I received information from two friends yesterday about a terrible fire in one of Russia’s university libraries.
The blaze, which started on Friday and was still not completely out on Saturday evening, ravaged 2,000 square metres (21,500 square feet) of the Institute of Scientific Information on Social Sciences (INION) in Moscow, which was created in 1918 and holds 10 million documents with some dating back to the 16th century
It is believed that up to a million rare documents may have been destroyed and much of the damage was caused by the water in the firefighting. A major calamity, not just for Russia, but the world too. Fortunately no-one was injured.
It is a stark reminder of how vulnerable libraries are, how easy it can be for disaster to strike, and how important the printed book still is. Librarians are just custodians of collections for future generations, keeping them as safe as possible against fire, water and theft and often feel their libraries are as important as a member of the family to them. Those working in this Library must be devastated.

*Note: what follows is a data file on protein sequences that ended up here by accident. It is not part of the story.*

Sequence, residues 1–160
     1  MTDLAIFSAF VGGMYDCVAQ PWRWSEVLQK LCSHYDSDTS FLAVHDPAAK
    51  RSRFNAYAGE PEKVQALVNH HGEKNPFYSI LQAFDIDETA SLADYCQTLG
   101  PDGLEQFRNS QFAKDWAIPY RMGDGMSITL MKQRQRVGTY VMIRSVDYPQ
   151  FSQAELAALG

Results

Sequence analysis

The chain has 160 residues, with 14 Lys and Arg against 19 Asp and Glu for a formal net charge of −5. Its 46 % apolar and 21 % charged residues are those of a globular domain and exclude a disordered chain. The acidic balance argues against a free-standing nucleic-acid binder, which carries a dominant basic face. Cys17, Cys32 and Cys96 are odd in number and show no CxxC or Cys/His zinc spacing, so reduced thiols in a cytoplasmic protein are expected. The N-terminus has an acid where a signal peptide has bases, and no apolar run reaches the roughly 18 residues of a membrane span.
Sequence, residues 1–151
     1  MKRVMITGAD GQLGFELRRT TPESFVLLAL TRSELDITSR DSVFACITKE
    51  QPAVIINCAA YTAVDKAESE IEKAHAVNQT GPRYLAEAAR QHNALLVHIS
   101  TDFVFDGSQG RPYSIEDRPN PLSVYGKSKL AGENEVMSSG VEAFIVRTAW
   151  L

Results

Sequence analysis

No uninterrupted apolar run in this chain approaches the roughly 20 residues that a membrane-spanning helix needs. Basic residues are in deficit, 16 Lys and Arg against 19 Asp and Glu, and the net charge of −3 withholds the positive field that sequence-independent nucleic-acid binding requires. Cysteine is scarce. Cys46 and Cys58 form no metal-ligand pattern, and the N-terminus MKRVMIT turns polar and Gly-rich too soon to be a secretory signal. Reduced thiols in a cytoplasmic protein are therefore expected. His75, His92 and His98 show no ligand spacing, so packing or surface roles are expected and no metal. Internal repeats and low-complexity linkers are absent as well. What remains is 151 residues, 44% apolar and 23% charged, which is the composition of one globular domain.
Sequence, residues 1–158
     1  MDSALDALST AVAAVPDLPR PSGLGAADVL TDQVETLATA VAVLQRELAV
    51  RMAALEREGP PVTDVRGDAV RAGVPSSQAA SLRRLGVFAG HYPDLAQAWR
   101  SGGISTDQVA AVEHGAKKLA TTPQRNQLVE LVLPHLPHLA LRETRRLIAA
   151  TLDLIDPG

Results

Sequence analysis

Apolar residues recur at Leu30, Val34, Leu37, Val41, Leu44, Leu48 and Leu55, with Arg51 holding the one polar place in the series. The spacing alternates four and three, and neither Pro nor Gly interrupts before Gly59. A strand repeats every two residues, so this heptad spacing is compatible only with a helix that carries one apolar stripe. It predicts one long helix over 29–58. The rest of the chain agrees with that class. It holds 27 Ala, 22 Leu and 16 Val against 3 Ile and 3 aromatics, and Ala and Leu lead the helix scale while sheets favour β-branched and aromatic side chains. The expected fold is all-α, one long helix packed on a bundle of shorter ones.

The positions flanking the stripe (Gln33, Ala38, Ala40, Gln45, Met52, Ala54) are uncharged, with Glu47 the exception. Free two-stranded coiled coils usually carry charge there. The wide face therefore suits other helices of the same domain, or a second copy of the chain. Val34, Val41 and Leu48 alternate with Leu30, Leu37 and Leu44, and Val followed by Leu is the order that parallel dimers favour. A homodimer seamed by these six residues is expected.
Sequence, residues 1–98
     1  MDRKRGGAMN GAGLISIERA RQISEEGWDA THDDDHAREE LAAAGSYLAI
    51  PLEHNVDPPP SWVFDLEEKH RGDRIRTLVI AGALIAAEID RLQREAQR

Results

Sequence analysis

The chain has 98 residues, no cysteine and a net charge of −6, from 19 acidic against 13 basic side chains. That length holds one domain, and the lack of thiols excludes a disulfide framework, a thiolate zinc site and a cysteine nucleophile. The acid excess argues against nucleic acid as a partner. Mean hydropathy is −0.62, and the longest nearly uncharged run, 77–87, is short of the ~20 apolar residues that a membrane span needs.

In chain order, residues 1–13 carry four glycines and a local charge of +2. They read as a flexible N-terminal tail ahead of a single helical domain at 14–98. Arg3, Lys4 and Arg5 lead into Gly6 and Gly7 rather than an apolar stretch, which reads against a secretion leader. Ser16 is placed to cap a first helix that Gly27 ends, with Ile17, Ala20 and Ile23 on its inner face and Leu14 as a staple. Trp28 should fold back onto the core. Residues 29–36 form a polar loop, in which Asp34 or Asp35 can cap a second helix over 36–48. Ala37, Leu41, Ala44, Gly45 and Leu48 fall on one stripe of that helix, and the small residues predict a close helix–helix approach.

I remember that not so long ago there was a fire at the Foundation for Conductive Education in Cannon Hill House which started with a faulty light fitting in the Library, and the Fire Brigade was called out. Fortunately no damage was done to the stock, and only a little to the walls etc. What a lucky escape! There is much in that Library that is irreplaceable, not available elsewhere.